Stephen calls it ‘patient and family engineering’.


"If you listen carefully to the family’s story, to understand what their problems are on a daily basis, then you can figure out a robust solution. It’s crucial to work with clinicians and focus groups to discuss what the issues are, and discover potential pitfalls, and involve them in testing the prototypes."

As a result, neoprene is now a feature of all Tookie’s garments, and they continue to explore different materials, fastenings, pocket placement for drainage bags, and new products including a baby-grow and a jumpsuit for toddlers.

Lessons learned

Stephen believes that finding a clinical champion is vital, ideally a consultant who can free up their team’s resources to investigate the product and support patient involvement. Extensive data-gathering during trials was also key to supporting further development of the innovation, in this case a retrospective survey of line removals and the costs associated with replacement.

Stephen says the Health Innovation Network (HIN) provided great mentoring and support. Following Health Innovation Yorkshire & Humber involvement, Health Innovation North East and North Cumbria (previously North East and North Cumbria AHSN) helped the company expand into the development of vests for adults, linking with Sunderland Royal Hospital.

"The innovation pathway is similar for everyone, but different every time, depending on your innovation and your starting point", says Stephen. "However, there are often some similar touchpoints, such as the National Institute for Health Research (NIHR), National Institute for Health and Care Excellence (NICE) and HIN. You need to find who can best help you to link with clinicians, seek patient involvement, and understand how the NHS will be able to purchase your product, if it’s successful".

Scaling up

The company now has four main products which it has developed, and continues to work on other one-off solutions for individuals experiencing more complex problems. The Tookie team treats these as test beds for innovation, and a springboard to solutions that may reach a wider patient cohort in time, but are primarily a humanitarian response to a family in distress.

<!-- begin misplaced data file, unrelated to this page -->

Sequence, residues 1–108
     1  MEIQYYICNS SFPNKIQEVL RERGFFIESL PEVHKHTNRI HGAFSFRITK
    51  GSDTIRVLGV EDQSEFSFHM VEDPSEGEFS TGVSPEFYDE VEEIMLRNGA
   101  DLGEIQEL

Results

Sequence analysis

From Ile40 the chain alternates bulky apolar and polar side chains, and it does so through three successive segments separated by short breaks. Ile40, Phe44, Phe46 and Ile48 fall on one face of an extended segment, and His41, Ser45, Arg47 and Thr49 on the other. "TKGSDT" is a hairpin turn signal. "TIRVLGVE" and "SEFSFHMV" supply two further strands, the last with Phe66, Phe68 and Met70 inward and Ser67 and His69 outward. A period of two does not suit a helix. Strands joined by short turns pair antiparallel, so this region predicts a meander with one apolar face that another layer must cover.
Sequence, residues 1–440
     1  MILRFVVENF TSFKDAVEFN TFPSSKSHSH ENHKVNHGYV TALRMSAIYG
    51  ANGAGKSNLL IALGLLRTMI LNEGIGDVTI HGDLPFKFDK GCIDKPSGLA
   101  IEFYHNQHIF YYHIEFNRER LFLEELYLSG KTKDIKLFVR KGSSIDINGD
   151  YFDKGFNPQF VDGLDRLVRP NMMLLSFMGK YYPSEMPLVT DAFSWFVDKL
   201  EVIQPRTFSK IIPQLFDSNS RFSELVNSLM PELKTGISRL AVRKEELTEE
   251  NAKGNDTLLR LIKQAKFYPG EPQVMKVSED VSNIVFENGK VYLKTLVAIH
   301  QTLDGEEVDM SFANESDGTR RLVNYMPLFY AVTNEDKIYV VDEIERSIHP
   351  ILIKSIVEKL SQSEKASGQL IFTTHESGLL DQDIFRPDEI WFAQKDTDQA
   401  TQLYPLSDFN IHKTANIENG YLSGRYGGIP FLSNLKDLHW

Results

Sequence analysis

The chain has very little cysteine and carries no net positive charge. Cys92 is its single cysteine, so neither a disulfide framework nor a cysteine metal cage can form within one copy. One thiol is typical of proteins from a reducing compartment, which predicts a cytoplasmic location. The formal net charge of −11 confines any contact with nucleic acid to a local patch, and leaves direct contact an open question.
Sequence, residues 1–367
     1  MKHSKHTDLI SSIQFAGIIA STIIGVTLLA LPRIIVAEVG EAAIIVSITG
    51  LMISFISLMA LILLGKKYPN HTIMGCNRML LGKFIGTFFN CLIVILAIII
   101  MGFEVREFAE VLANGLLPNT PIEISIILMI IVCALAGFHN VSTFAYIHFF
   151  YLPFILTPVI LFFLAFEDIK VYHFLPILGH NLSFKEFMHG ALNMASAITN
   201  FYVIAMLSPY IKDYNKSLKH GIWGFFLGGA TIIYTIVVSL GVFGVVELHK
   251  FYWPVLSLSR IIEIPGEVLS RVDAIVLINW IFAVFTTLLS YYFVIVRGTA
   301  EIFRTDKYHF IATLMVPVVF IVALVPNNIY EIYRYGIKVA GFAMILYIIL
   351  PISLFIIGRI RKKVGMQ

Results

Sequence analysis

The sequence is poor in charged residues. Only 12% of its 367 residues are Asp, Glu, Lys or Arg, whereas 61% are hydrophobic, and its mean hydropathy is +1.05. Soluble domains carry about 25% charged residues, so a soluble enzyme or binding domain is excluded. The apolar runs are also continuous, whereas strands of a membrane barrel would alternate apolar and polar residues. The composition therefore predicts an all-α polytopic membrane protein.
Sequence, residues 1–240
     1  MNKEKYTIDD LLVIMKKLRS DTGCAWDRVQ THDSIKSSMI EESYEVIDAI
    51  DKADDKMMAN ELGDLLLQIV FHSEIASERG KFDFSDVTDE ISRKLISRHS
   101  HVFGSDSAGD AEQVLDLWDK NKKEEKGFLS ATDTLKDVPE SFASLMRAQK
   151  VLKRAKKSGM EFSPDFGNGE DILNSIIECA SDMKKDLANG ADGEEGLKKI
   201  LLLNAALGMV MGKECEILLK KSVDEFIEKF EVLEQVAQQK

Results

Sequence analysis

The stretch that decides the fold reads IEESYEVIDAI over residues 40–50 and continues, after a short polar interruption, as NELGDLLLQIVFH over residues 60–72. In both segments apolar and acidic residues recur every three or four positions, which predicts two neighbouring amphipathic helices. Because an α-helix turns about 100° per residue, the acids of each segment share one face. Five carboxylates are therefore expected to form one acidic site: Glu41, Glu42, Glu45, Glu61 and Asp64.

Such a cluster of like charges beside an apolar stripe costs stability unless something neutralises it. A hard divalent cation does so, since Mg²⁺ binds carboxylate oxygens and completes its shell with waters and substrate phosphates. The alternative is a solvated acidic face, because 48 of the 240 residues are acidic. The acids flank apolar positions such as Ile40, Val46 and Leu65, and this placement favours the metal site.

Stephen's journey from idea to inclusion on the NHS procurement register has been repeated several times, and follows a similar pattern with each new product. Stephen has recently been appointed an Industry Ambassador with the NIHR, using his experience to support other innovators.

The company is now seeking series A investment to help it scale globally, and is continuing to develop new products, a process which Stephen says does get easier with time. "Each new garment that we develop, or each patient group for whom a solution is needed, requires a return to the start of the process. But now we’re clearer on the process that works best for us, and the knowledge and contacts we’ve already gained, it has become much more streamlined and faster".

Key takeaways

  • Patient involvement is key and can lead to new ideas.
  • Health Innovation Networks can provide great mentoring and support. The NHS Innovation Service can help you reach out to your local HIN.
  • A clinical champion is vital.
  • The ‘innovation pathway' is different for everyone and different each time.